Fonterra's outgoing chief executive Theo Spierings acknowledges that there have been hits and misses during his seven-year tenure in New Zealand's top corporate job, but he remains confident he will be leaving the dairy co-operative in better shape than he found it.

Chairman John Wilson this week announced that Spierings would be moving on, just after the company announced a $348 million bottom-line loss for the six months to January, mostly arising from a $183m legal settlement with Danone and a $405m writedown from its investment in Chinese infant formula company Beingmate.

In a wide-ranging interview after Fonterra's first-half result, Spierings said there had been hits and misses since he started at Fonterra in 2011.

He said he underestimated the complications arising from investing in a China-listed entity - Beingmate - and acknowledged that Fonterra had been slow to recognise the value in the alternative milk company a2 Milk - which is now New Zealand's biggest listed company.


But there had been significant wins also, among them a return to profitability for Fonterra's substantial European and US operations.

In Australia, which has long been a problem, there had been a big turnaround in profitability.

In Europe, thanks in part to partnerships with Dutch dairy company A-ware, there had been a quick turnaround.

"Europe is now a massively profitable business whereas at the time it was losing a lot of money," Spierings said.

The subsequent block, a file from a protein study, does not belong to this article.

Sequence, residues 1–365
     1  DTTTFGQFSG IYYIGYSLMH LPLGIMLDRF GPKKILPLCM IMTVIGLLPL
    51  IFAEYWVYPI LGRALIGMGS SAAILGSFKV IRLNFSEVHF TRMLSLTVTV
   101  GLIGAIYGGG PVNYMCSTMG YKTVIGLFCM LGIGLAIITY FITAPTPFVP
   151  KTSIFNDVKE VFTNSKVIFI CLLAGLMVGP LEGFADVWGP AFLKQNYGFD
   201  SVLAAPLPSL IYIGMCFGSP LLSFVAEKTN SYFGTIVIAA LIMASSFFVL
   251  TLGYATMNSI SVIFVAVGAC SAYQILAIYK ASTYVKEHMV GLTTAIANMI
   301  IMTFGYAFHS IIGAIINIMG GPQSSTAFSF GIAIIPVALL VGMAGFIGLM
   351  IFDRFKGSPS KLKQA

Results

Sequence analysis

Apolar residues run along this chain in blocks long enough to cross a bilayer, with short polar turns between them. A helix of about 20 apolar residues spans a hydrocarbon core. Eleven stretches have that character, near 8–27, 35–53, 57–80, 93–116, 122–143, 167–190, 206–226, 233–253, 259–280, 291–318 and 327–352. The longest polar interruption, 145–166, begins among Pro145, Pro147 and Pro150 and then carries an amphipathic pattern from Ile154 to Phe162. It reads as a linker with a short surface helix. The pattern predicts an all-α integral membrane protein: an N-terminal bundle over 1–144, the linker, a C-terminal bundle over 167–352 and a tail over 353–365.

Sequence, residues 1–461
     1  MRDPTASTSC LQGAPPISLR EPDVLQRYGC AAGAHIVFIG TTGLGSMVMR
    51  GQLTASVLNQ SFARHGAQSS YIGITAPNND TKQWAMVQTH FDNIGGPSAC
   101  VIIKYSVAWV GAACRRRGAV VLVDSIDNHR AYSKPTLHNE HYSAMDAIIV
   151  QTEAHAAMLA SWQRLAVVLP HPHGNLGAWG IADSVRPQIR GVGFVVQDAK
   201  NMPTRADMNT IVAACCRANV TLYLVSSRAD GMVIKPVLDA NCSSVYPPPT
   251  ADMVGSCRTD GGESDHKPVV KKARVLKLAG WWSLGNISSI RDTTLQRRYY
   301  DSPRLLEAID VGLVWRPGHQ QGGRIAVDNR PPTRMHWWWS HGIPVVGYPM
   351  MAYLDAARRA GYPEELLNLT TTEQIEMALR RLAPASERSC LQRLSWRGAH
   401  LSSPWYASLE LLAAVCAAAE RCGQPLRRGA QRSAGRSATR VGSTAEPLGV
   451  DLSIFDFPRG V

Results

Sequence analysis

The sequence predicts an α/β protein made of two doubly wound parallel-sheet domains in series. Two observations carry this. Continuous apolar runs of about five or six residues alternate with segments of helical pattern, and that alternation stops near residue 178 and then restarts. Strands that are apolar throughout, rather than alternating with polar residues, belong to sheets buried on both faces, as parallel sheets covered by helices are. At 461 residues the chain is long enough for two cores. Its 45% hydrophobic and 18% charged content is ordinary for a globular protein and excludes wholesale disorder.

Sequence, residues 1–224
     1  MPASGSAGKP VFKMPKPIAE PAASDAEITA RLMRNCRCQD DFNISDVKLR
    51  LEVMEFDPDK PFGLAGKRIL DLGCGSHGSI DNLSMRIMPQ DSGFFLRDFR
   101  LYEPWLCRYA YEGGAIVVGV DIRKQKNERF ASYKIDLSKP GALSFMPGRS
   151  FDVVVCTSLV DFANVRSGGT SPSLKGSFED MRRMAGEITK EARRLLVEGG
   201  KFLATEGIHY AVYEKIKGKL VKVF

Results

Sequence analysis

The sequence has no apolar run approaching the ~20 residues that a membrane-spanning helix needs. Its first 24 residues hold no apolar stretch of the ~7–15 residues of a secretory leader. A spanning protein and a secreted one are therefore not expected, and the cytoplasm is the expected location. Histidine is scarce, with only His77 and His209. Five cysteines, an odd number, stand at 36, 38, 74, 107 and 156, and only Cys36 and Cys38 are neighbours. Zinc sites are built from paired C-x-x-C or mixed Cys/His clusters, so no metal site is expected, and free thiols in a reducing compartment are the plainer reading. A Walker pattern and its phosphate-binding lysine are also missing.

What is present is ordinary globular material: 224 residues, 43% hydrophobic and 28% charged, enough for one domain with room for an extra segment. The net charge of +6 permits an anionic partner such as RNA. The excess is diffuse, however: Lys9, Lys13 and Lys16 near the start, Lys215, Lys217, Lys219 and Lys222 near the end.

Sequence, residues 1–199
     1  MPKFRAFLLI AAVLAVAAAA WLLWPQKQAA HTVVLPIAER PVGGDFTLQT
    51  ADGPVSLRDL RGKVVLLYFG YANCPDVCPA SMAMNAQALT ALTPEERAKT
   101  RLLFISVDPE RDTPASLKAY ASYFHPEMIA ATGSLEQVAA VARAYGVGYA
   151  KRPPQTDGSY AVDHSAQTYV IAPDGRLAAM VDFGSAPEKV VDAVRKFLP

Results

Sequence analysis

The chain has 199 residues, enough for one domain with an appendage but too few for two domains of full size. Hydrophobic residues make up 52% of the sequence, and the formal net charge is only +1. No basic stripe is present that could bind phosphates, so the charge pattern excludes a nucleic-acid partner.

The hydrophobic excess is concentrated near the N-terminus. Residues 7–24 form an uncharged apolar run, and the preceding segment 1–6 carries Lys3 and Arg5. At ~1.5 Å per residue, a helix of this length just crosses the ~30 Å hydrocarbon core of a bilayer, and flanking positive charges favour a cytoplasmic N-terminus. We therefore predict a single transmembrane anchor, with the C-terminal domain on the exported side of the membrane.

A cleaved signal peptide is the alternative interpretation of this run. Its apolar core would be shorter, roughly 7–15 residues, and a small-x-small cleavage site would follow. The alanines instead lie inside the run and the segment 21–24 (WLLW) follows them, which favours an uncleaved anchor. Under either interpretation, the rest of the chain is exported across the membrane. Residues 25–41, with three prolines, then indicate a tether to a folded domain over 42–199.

In South America - where Fonterra has a substantial presence - the co-op's operations have been thoroughly restructured.

All up, he said the co-operative was "highly placed" compared with the competition in other parts of the world.

"Offshore, people talk about us being the envy of the dairy world," he said.

"Everybody looks at us as being a highly successful New Zealand enterprise and, in all the milk pools around the world people are really on their toes right now."


"It's been a complete turnaround in Australia - where it has been financially bleeding $100m a year - to making more than $100m a year."

Fonterra's Chinese operations have mushroomed out to an enterprise value of $5 billion.

On the misses side, Spierings said Fonterra had been slow to recognise the potential of a2 Milk.

"We co-owned the intellectual property 15 years ago so, and in my view we should have had 50 per cent of the company at that point," he said.

Another opportunity arose in 2013 to get involved with a2 Milk but management were too deeply involved in the WPC80 whey protein scare and product recall to consider it.

"I have always believed in the value of a2, so in that sense we have a partnership now that has multiple touch points," he said.

The a2 Milk deal gives Fonterra the right to make a2 butter, cheese and liquid milk in New Zealand.

"There is massive potential, but if you are asking me: should we have been involved a2 earlier, then the answer is yes," he said.